It’s hard to get basic health care like shots and x-rays in rural Oklahoma. The federal government considers all but one of the state’s 77 counties to have a primary care shortage. The problem is driving a legislative effort to allow highly educated nurses to fill that gap — but doctors and nurse practitioners are butting heads on who is qualified to help.
Oklahoma had the second highest rate of certain drug overdose deaths between 2015 and 2016, a new study by the U.S. Centers for Disease Control and Prevention shows. Continue Reading
New research suggests people with intellectual disabilities are being turned down for organ transplants because of their disability. A growing effort to take human bias out of the decision highlights a little-known area of medicine.
Shiny red hearts decorate the tables at a restaurant in Moore. It looks like a Valentine’s Day party, but tonight the decor is literal: It’s the 10-year anniversary of Henry Weather’s new heart. Continue Reading
New data released by the Centers for Disease Control and Prevention suggests drug overdose deaths declined in some states — but not in Oklahoma.
Drug overdose deaths dropped in 14 states, making health officials hopeful that policies aimed at curbing the death toll may be working. But preliminary numbers from CDC show drug overdose deaths in Oklahoma rose by 12 percent, to 844 people. That’s higher than in previous years, but not by much. Continue Reading
Drug overdose deaths in Oklahoma increased 91 percent over the last decade and a half, prompting the state to form a task force charged with a daunting goal: Brainstorm a plan to guide the state out of an opioid epidemic that kills three Oklahomans nearly every day.
The Commission on Opioid Abuse released its final report in January.
“The sort of clear and present danger is overprescribing and oversupply, and that was the focus of what we looked at,” Attorney General Mike Hunter, who headed the nine-member commission, said in an interview with StateImpact. Continue Reading
Jacob is just a few hours old when registered nurse Amy Burnett begins one of the simplest measurements to tell if a newborn is healthy — their weight.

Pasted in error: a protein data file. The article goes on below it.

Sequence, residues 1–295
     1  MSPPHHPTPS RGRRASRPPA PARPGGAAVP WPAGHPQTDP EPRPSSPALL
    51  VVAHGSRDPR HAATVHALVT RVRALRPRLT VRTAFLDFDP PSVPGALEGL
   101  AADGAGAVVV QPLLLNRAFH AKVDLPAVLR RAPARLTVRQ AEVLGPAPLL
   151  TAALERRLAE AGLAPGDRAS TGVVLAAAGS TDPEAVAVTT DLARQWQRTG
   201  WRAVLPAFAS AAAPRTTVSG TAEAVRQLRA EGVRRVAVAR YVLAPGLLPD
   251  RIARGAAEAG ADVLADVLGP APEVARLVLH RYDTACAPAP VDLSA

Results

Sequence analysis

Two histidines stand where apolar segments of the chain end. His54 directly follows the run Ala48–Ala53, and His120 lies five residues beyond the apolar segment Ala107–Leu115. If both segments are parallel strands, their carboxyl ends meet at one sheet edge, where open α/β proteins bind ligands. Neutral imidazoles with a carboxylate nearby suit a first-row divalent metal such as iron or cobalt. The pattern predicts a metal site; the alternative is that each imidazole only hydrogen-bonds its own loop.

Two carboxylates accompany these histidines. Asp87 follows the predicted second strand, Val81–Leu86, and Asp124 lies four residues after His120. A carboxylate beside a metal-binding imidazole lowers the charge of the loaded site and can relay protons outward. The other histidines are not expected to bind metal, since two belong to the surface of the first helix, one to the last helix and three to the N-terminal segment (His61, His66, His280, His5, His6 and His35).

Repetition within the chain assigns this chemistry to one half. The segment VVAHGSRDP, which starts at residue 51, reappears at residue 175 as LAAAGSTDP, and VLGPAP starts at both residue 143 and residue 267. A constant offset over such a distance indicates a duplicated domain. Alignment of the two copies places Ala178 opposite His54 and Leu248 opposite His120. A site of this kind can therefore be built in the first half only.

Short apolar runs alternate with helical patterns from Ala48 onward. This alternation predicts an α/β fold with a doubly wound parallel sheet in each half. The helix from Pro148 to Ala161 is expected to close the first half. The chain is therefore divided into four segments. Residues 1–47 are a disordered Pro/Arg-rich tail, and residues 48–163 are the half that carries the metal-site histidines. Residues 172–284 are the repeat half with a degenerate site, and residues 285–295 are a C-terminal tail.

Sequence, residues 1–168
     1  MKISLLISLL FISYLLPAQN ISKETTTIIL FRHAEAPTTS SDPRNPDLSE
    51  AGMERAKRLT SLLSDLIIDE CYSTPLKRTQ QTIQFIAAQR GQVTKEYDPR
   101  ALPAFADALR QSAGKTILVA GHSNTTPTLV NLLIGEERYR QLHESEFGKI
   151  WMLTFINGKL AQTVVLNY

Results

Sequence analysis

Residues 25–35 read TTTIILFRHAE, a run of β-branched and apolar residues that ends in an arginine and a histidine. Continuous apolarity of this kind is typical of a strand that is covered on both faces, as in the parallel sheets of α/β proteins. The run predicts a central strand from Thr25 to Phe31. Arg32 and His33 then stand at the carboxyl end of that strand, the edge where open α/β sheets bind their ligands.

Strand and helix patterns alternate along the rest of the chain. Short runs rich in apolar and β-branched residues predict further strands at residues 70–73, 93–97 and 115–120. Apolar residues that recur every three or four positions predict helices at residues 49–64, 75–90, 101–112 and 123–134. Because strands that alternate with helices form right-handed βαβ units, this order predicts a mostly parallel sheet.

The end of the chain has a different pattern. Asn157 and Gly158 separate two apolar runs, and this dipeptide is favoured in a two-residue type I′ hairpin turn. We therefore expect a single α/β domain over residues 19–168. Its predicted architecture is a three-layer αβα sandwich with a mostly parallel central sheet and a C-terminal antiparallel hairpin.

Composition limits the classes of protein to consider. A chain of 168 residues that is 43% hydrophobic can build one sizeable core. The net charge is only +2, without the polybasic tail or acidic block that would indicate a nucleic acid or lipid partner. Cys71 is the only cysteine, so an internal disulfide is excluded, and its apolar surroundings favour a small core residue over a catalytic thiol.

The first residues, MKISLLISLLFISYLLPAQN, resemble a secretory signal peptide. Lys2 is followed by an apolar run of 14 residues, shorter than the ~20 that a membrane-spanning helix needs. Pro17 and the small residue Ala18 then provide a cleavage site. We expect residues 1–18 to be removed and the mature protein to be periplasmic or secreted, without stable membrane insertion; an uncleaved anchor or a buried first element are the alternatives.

“You want to make sure that they are naked, they have no diaper, and you bring him to the scale,” she says as she removes his tiny Pampers.
She gently picks him up, confidently balancing his body on her forearm like a football. Her purple gloved fingers encircle his neck as she hits a button on the scale, which beeps loudly, zeroing it out.
On June 26, voters will decide if Oklahoma will become the 30th state to legalize marijuana for medical use. But regulating the new industry could prove difficult. Continue Reading
A new report from the Centers for Disease Control and Prevention shows that black infants in Oklahoma are twice as likely to die before their first birthday than white or Hispanic babies, making Oklahoma one of the worst states for black infant mortality. Continue Reading
Twenty-seventeen is wrapping up, but the growing group of reporters at StateImpact are following many important government policy issues that will carry on into the new year.
Senior Reporter and Managing Editor Joe Wertz brought the StateImpact team into the studio for a preview of their coverage in the year to come. Here are some excerpts from the conversation edited for clarity:
The Oklahoma Attorney General’s office on Tuesday said a probe into alleged mismanagement of roughly $30 million from the Oklahoma State Department of Health has expanded to include investigators from the FBI and the U.S. Department of Health and Human Services.